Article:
140707 Forward Hull - Flight Engineers Panel Possible 'Boost Gauge' - Indicated the supercharger boost pressure. Engine-driven air compressors provided varying levels of boost according to engine rpm, load etc. There was a power band within a given range of available boost pressure, which was shown by this gauge Desalination example2
140708 Cockpit Advance/Retard trim unit - Trim tabs are small surfaces connected to the trailing edge of control surfaces, used to control the trim of the controls, and stabilise the aircraft without the need for the pilot to constantly apply a control force. Changing the setting of a trim tab adjusts the neutral or resting position of a control surface (such as an elevator or rudder). Desalination example2
140901 Cockpit Pilot's foot operated rudder controls, both the Pilot's and co-Pilot's rudder controls have been recovered Desalination example2
140904 Forward Hull - Wireless Operator Station Antenna reel with antenna. This was mounted at the side of the W/O station on the upper deck. The antenna was threaded down through a hinged tube and out through the planing hull to trail below the aircraft. The W/O was responsible for manually winding it in or out Desalination example2
140907 Forward Hull

Copper bodied 'Muff' style roof mounted hot water cabin heater. Heat was provided by means of a heat exchanger from the exhaust of engine No2

(port inner)

Desalination example2
140909

Starboard Wing -

Auxillary Engine Compartment

Mounted in the A.E.C this Rotax Ltd Generator (Dynamo) which had a H.T. Output of 800v and a L.T. Output of 6v. Was driven by a small ABC (All British engine Company) two cylinder four stroke engine, and was used for accumulator charging

Desalination.

Mike Hurley

Workshop

example2
140910 Forward Hull - Wing Part of rotating starboard flap torque shaft system. The flaps were Gouge type, that slid backwards along four curved tracks, moving rearwards and down, increasing the wing area and adding 30% more lift for landing Desalination example2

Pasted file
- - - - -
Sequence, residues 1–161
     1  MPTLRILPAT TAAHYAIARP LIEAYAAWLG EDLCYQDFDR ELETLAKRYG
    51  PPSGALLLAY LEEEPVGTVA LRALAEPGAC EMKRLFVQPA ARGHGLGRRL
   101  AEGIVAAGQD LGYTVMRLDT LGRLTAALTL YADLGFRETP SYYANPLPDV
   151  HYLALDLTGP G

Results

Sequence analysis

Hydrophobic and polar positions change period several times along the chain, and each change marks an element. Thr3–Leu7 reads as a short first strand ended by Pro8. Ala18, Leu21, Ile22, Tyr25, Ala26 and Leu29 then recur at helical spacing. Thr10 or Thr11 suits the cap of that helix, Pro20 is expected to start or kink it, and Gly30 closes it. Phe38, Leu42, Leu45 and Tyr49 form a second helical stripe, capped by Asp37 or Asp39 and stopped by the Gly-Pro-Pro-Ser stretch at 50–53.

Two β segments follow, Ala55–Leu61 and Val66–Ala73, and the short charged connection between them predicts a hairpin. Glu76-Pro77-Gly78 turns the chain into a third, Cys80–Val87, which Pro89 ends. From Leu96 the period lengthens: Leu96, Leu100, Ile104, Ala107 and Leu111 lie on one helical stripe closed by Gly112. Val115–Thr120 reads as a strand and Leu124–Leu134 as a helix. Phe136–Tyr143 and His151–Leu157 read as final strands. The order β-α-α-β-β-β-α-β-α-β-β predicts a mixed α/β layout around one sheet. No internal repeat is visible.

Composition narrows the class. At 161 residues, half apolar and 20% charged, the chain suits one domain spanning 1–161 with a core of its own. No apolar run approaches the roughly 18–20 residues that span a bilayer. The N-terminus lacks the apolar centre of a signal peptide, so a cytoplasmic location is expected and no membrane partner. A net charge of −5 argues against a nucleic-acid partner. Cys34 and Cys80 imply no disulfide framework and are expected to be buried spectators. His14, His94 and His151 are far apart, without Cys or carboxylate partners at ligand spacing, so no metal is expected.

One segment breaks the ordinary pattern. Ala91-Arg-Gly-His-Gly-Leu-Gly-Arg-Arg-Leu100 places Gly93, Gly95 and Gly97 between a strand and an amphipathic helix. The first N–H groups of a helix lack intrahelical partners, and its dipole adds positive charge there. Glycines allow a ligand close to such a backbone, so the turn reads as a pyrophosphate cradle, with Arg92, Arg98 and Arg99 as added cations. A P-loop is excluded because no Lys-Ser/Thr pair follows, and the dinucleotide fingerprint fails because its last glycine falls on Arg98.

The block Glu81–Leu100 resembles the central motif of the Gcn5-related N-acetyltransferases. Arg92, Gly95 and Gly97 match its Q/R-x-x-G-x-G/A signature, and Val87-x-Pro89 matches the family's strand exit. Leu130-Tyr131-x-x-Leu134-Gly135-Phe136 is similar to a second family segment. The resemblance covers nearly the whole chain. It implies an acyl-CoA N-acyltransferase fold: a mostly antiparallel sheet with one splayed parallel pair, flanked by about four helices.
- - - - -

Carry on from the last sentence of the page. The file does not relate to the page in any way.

140912 Cockpit Elevator control interconnecting levers. These were linked to the control columns and operated the cables actuating the elevators On Display example2
140913 Forward Hull Control surface cable pulley wheel. A whole series of these were distributed between the Pilot/co-pilot controls and the aircrafts control surfaces. Desalination example2
140914 Forward Hull Fuel trap, this collected excess fuel from the pipe connected to the 'Boost Gauge' which indicated the supercharger boost pressure

Conservation.

Mike Hurley

Workshop

example2
150801 Cockpit Cockpit fenestration, fragment of 'windshield' framing Desalination example2
150802 Wings - Fuel System Fuel check valve - (non return valve) component of the fuel system used to provide an uninterrupted flow of fuel regardless of the aircraft’s attitude. When raised from the site, the unit had a wire band and seal to secure the cap. Unfortunately this crumbled into small pieces almost immediately.

Desalination.

Mike Hurley

Workshop

example2
150803 Nose Turret Hydraulic connection Desalination example2
150804 Wings - Fuel System Support bracket for fuel check valve (I.D. 150802) Desalination example2
150805 Wings - Floats Section of float wire stay system Desalination example2
150806 Wings - Fuel System Piece of fuel line Desalination example2
150807 Wings - Fuel System Section of fuel line with branch Desalination example2
150901 Wings - Tailplane Part of elevator hinge rod. Located at the rear of the fusilage, there was a horizontal stabiliser and an elevator on each side. The stabiliser was a fixed wing section which provided stability for the aircraft, keeping it flying straight. The elevator is the small moving section at the rear of the stabiliser, attached to the fixed sections by hinges Desalination example2
150902

Engine No1.

Port outer

Portion of wiring loom component (Distributor). Desalination example2
150903

Rear Hull

Porthole (Starboard side) non-opening porthole, transparency diameter 30.5cm. (Also see I.D. 090805 opening type) Desalination example2
150904

Rear Hull

Fragment of 'Z' stringer. This is a ubiquitous feature of the Sunderland's hull construction Desalination example2
150905

Rear Turret

FN 4 turret flash shield (1 of 4) remainder still in-situ Desalination example2